We've lost Judge Gordon Sullivan. He's now relocated to the Himalayas.
In a world of breathtaking beauty unfolds a classic tale of wisdom and adventure.
Most of us live in a modern, hyper-connected world. Friends and family are only a mouse click or finger swipe away, and lots of people regularly journey across a continent with ease. In this environment, it's easy to forget that there are still groups out there who aren't connected to the whole globe, and for whom a trip of a few miles can be life-threatening. Himalaya reminds us of this fact forcefully. Shot in the remote Dolpo region of Tibet, the film chronicles the struggles for power in a small tribe when tragedy strikes. Though not everyone will enjoy the barely there narrative, those with the patience will be rewarded with film filled with beautiful shots of remote vistas. Those who owned the previous DVD will want to upgrade to Himalaya (Blu-ray) for the excellent presentation.
Tinle (Thilen Lhondop) is the patriarch of an isolated tribe in the Himalayas' remotest region. Though his power is waning, he's content that his son, and his son's son will carry on his legacy. Things are wonderful until his son dies making the treacherous journey to sell the tribe's meager output of salt and wheat. When his son's best friend steps up to rule, Tinle finds himself locked in a bitter struggle for power.
Himalaya is a movie outside of time. Its use of nonprofessional actors in a remote region immediately calls to mind the midcentury experiments in neo-realism. Films like Visconti's La Terra Trema or the even earlier Redes. These films also featured nonprofessional actors filmed in simple, almost universal, stories where the elements of nature played as big a role as any of the human characters. Perhaps more significantly, the culture we witness in 1999 (the year of the film's release) is apparently unchanged from its status for generations and generations. The characters all wear handmade clothes, their occupations involve harvesting resources that have been there for millennia, and the traditions of their people seem largely unchanged by the knowledge that satellites and telephones are out in the wider world.
That puts Himalaya in the position of being a kind of time travelogue, taking us to a remote region and a seemingly remote time. Those looking for rich characters and a detailed plot will be disappointed. Instead, what Himalaya offers is an absolutely beautiful look at a region that the vast majority of us will never see. Photographer-turned-director Eric Valli spent years learning the area before embarking on his film. What we get is his privileged access to the natural beauty of the region with just enough story to tie all the gorgeous shots together.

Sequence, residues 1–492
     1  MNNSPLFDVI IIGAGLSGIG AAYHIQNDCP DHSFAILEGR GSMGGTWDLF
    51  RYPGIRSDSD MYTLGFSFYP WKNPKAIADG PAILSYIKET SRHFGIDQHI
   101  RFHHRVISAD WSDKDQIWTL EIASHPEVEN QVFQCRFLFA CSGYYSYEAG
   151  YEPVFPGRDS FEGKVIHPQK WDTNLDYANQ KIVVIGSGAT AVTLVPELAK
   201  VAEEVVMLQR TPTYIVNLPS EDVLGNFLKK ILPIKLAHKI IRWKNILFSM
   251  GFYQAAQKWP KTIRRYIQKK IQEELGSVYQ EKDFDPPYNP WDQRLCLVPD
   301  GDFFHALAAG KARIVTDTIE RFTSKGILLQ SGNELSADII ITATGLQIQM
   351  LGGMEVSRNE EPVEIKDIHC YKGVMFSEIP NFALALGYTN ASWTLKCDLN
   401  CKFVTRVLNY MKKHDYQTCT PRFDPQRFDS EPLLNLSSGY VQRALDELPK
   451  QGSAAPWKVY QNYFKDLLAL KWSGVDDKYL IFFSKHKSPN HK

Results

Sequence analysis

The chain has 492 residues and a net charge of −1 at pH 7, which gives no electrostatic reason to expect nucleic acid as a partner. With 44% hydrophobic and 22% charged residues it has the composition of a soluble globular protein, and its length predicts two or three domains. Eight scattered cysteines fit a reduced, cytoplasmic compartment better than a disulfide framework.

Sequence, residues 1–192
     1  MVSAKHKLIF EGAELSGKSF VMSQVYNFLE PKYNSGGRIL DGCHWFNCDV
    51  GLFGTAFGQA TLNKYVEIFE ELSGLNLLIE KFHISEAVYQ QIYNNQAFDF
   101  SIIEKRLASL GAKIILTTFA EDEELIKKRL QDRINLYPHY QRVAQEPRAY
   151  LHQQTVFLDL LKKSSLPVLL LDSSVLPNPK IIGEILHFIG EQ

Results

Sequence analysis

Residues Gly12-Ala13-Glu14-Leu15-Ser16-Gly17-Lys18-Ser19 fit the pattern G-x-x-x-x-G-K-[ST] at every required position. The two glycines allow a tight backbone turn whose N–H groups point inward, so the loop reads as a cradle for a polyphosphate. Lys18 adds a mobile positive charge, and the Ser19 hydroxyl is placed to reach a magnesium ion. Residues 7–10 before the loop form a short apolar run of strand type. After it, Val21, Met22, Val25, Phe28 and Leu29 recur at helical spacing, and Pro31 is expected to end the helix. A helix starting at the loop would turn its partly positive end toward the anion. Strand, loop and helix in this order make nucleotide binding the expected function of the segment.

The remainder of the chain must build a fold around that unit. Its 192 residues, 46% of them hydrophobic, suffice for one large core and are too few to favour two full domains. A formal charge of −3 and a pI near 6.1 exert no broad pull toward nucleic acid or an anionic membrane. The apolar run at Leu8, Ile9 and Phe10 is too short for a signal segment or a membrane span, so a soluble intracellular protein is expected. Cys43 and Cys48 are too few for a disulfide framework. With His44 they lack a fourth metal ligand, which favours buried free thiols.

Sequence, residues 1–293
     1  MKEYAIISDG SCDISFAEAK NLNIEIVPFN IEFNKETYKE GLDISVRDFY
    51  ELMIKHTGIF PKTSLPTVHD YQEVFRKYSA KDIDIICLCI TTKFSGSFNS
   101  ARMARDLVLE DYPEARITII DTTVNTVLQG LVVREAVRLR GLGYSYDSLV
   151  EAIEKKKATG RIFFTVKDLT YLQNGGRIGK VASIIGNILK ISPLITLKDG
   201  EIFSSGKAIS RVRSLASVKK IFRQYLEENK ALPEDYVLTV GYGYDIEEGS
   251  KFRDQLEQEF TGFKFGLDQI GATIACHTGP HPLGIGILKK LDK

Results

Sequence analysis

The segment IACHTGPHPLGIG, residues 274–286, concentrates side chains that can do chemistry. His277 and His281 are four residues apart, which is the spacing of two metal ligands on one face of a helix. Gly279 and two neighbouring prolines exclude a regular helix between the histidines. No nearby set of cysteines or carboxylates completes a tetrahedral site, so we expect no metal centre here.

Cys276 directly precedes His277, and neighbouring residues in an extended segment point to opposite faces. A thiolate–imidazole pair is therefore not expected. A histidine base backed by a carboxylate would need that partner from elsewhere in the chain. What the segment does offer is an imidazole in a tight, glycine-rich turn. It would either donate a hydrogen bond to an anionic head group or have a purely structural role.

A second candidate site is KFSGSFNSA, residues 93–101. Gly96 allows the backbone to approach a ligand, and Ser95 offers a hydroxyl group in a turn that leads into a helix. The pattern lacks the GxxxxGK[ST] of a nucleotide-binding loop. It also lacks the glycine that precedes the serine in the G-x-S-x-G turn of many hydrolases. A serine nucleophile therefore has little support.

Luckily, the film gets a near-perfect presentation as Himalaya (Blu-ray). The 2.35:1/1080p AVC-encoded transfer is excellent. The presentation is beautifully film-like—grain is intact, and detail strong throughout. Close-ups of the characters' faces are wonderful, as are some of the wider shots of the famous mountains. Colors feel appropriate as well, from the brilliant white of snow-capped peaks to the deep blues in shots of water. The only problems are a couple of very minor instances of print damage, and the occasional shot that looks soft (which is more likely to be a problem with filming than this transfer). The DTS-HD 5.1 track is similarly impressive. The film's dialogue is clean and clear throughout, despite the sometimes arduous conditions of filming. Even better is the film's score from composer Bruno Coulais. It's full of rich strings, and the clarity of the presentation is striking.
Extras start with a commentary featuring Eric Valli, who is "interviewed" by journalist Debra Kellner. Valli is forthcoming on his experiences in Tibet, how he came to make the film, and what influenced the various characters in his mind. Debra Kellner returns for a 27-minute making-of documentary that follows the crew around their various Himalayan locations. We also get a mini-EPK that features a TV promo and a few short clips. Finally, the film's trailer is included as well.
Given its minimal story, Himalaya might be a slog for those not accustomed to patient viewing. The film is definitely oriented around the environment as much as, if not more than, the characters. For some viewers, that will mean the beauty of the film is lost without strong characters to hang it on.
Himalaya is true to its title, providing a portrait of a remote region of the globe that showcases the lives of little-seen characters. Fans of beautiful cinematography and travelogues will want to give this one at least a rental, while those looking for action should probably steer clear.
Give us your feedback!
What's "fair"? Whether positive or negative, our reviews should be unbiased, informative, and critique the material on its own merits.
Scales of Justice
Studio: Kino Lorber
Review content copyright © 2014 Gordon Sullivan; Site design and review layout copyright © 2014 Verdict Partners LLC. All rights reserved.